Some short stories feel more like chapters—snipped out of a larger work—that struggle to make sense on their own. 198X represents a translation of that ethos to video game form. As a result, the game feels unfulfilling, though that does not detract from the overall quality on offer. Ultimately, the player’s appraisal of 198X will depend on whether they place more stock in story or gameplay because while the former leaves much to be desired, the latter will be a hit for anyone with fond memories of the 8- and 16-bit classics.

In the framing and overall structure, 198X is decidedly modern, but everything else pulses with a retro vibe. At its core, the game is a compilation, weaving together five distinct experiences under the auspice of a story of personal development. From the Double Dragon-infused ‘Beating Heart’ to the turn-based dungeon RPG ‘Kill Screen’, each title feels slick, if a little undercooked. Those old-school originals could only dream of being as smooth as these throwbacks. However, the two-button input methodology results in the games feeling just a touch too simple, though their brevity—each clocking in at a maximum of 15 minutes (depending on the player’s skill level and muscle memory)—makes that less of an issue than it might have been. If more depth is present, it is hidden well, as the game lacks any sort of tutorial to guide players. Nevertheless, the stellar presentation goes a long way towards papering over the cracks.

The pixel art aesthetic of 198X is staggering. Each of the worlds that players make their way through is pitched perfectly to fit the mood it evokes. From the grungy brawler of the first game to the more melancholic mood of the open-road racer, the screen is drenched in lavish colour and far more detail than one might expect from such a seemingly simple art style.

Easily a match for the visuals is the audio. The in-game sounds of a car engine or bone-crunching strike are low-key, which allows the music to come to the fore. Those tunes are all from the electronic genre, simple, yet layered with enough depth to not feel tedious or tiring. Easily overshadowing all the rest though is Maya Tuttle’s voice-over narration as The Kid. Her tone is one of pervasive resignation that works to reinforce the same mood within the script.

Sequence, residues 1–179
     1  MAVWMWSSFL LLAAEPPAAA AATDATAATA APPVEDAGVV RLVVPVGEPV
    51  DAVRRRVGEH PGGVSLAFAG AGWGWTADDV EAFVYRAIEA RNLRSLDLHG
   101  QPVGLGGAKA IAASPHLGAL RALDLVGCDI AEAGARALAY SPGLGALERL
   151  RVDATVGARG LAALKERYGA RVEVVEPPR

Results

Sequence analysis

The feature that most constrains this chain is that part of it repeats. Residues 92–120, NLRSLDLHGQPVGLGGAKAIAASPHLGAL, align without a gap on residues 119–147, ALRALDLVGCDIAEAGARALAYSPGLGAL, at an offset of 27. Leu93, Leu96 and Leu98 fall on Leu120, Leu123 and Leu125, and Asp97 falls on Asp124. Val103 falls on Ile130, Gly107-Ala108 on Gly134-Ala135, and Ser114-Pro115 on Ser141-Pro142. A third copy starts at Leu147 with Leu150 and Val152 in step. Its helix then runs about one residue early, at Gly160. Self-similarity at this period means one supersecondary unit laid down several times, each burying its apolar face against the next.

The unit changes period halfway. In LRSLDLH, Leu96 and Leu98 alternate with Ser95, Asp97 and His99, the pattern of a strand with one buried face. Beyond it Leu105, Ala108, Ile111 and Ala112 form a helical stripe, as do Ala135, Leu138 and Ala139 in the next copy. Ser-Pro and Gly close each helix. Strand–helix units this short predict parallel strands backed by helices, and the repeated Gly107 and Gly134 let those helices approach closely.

That melancholia will surely strike a chord with anyone who has grown up on the fringes. The Kid speaks of once loving and now hating the Suburbia of their childhood, where memories of happiness collide with a contemporary feeling of entrapment. The words and lines are powerfully evocative—made even more so by the connection between the gameworlds and the prevailing emotion at that point. The problem is that they amount to nothing. The story comprises of these snippets—these freestanding scenes of life lived lonely—that never coalesce into anything. The Kid may find an arcade and speak of finding some sort of home and a source of strength, but it goes nowhere. The game ends just as things start to get interesting. Setting up for a sequel is no sin. Plenty of other games and media products—from Dante’s Inferno to Harry Potter—have done just that. However, to be effective, such first parts need to offer a story in and of themselves, not just the promise of a story to come, and that is where 198X falls apart.

With each game in the compilation being a straightforward, one-and-done affair and the overarching narrative feeling like a prologue at best, 198X is wafer-thin. The presentation is simply remarkable, and the package has enough variety to be worth a look, but the unmistakable impression is that something is missing.

OnlySP Review Score 2 Pass

Reviewed on PC. Coming soon to Nintendo Switch, PlayStation 4, and Xbox One.